A Fun Look At Your New Year’s Resolutions

A Fun Look At  Your 2017 New Year’s Resolutions
Resolutions

What New Year’s resolutions did you make for 2017? Be honest – were they the same ones you made for 2016?

Researchers tell us that only 8% of those who make New Year’s resolutions actually achieve their goals.

Perhaps if we made some of these individuals’ resolutions, that statistic would improve:

Stop hanging out with people who ask about my New Year’s resolutions.

My New Year’s resolution is to decipher the obscure meaning of yours.

Accomplish the goals of 2016, which I should have done in 2015 because I promised them in 2014 and planned them in 2013.

My New Year’s resolution was going to be to quit all my bad habits, but then it occurred to me – no one likes a quitter.

My New Year’s resolution is to spend more quality time with you. Will you accept me as a Facebook friend and let me follow you on Twitter?

Since it is tradition to break my New Year’s resolutions, I think this year I’ll try for being lazy and see what happens.

My New Year’s resolution is to simply remember to write the date as 2017, instead of 2016.

My New Year’s resolution is to not make any New Year’s resolutions, and now that I’ve broken it, I’m all done with resolutions this year.


Life Is Good: So Why Are We Rocking the Boat?
Rocking Boat

Why, when everything is going so well, do we rock the boat?

In a recent article on greatist.com, writer and life coach Susie Moore reports, “Self-sabotage is most common when life is at its best.”

It sounds odd, but some people simply can’t abide success. When they achieve it, they don’t believe they deserve it, and they subconsciously frighten themselves into failure. Others feel guilty for leaving less successful friends behind – or they believe success is a burden and sabotage themselves so it doesn’t happen again.

In her article, Moore highlights the work of author Gay Hendricks, who writes, “Conquer your fears and take life to the next level” in his book The Big Leap. Hendricks calls it “the upper limit problem,” and asserts that everyone suffers at least a little from the conviction they’ve gone as far as they should or could go – their upper limit – and as a result, they give themselves a subconscious reason to build defeat into their next efforts.

Says Hendricks, “…the more successful you get, the more urgent it becomes to identify and overcome your upper limit problem.” He insists that each of us must combat our upper-limit problem to achieve our full potential.

How? Face those fears. As Moore herself found, “Knowledge of these fundamental fears allows us to help release their power over us.” She adds, “Transcending your upper limits is possible. You can choose an upward spiral. Your very own big leap awaits.”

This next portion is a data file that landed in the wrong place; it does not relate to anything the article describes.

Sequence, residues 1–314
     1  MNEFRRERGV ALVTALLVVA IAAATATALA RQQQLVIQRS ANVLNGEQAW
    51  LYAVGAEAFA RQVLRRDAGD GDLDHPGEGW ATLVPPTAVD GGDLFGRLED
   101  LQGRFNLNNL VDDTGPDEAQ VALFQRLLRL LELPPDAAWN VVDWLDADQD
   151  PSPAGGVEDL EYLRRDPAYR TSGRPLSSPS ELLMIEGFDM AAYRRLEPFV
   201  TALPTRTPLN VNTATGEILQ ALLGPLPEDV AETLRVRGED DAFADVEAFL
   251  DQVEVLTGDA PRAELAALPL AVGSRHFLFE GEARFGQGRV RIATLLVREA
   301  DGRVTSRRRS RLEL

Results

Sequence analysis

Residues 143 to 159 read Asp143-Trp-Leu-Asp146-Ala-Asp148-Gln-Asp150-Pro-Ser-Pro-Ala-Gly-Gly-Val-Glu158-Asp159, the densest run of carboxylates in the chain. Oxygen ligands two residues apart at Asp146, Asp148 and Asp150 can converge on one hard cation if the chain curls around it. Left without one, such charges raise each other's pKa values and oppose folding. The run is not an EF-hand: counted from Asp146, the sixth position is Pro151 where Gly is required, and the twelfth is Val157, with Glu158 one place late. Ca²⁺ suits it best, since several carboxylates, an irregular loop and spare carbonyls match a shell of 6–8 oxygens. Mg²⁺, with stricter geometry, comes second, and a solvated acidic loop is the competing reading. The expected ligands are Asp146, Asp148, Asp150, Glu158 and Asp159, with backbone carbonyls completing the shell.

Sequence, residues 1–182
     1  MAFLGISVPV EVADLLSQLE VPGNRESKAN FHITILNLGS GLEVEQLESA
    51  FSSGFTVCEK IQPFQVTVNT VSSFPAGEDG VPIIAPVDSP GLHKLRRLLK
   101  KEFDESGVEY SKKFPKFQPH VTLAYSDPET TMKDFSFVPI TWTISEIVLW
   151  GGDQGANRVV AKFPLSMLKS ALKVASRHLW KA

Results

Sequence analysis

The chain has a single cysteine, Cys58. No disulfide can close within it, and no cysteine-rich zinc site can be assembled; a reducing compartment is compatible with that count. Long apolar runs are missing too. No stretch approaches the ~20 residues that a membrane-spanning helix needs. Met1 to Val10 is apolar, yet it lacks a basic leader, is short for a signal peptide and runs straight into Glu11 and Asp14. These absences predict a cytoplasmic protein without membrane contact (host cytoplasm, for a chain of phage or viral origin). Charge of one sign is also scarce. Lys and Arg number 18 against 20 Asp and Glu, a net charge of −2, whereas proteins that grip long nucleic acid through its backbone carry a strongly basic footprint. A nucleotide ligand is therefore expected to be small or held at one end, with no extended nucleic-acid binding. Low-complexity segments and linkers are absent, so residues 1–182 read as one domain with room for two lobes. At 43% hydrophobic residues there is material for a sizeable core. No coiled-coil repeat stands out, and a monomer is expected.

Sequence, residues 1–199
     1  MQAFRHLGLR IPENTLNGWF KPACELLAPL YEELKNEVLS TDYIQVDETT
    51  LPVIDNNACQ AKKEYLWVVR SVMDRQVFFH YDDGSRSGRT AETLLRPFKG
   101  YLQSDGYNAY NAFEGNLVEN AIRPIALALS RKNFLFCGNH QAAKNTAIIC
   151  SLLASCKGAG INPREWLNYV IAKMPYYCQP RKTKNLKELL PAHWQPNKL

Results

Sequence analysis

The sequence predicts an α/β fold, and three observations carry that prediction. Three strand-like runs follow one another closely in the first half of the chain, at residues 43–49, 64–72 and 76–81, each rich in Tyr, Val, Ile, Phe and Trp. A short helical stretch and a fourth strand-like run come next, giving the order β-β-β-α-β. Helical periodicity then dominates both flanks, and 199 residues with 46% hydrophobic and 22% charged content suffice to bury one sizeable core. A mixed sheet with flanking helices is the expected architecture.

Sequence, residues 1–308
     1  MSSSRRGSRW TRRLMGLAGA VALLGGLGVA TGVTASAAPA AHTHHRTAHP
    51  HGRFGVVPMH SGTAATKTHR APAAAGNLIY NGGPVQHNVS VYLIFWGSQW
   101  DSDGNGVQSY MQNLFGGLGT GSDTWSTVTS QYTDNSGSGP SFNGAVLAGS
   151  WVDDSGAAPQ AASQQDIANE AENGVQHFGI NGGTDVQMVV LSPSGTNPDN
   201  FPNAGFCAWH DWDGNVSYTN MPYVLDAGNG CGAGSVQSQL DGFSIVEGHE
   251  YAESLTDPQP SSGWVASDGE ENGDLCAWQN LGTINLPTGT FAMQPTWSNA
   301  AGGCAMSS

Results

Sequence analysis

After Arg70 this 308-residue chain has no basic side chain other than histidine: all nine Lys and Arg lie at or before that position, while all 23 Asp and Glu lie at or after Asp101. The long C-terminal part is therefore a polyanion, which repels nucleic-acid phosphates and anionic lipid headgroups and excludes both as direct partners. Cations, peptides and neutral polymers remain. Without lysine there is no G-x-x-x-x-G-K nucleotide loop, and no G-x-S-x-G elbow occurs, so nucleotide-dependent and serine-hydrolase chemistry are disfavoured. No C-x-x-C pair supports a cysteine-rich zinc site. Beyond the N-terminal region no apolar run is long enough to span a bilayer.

So choose the upward spiral…and don’t rock the boat!


When a Hobby Is So Much More Than a Toy!
“In polite society, we call our obsessions hobbies,” notes author Stephen King. So what are your obsessions/hobbies?

Do they involve a significant investment in collectibles? Expensive equipment? If your hobby is running, you probably don’t have additional insurance concerns. However, if you collect rare coins, build and operate radio-controlled vehicles, or restore and sell antiques, you likely have a lot more to consider.

If your home houses a hobby that is vulnerable to loss, it’s important to evaluate what insurance coverage you need. Limits on homeowner and renter policies may be too low, or the causes of loss that are covered might not be appropriate. These may not be sufficient to cover your hobby. For example, consider the following:

  • The value of your items: does the total push you over your homeowners coverage limits? You might need to increase limits or add a policy.
  • All the ways you could lose your collectibles: theft, vandalism, fire, etc. Do your current policies cover all the potential types of loss? If not, you may need to expand coverage.
  • Any risks your activity may pose: does your hobby require any equipment that could be dangerous to others? You might need liability insurance.
  • Whether it’s partly business: do you sell items from your home? You may need business insurance.
  • Any unique risks created by your hobby: do you travel to trade shows with your items? Perhaps you need travel insurance, or additional liability insurance. If your hobby involves a single high-ticket item, such as an ATV or an electric guitar, you might need a separate rider to cover this item.

If you have a financial investment in your hobby, it’s important to insure it properly. Your insurance agent can help you determine what coverage you need for the best protection. Which is what it’s all about. After all, your beloved obsession is so much more than a toy!

March 21st, 2017 by Lightship Insurance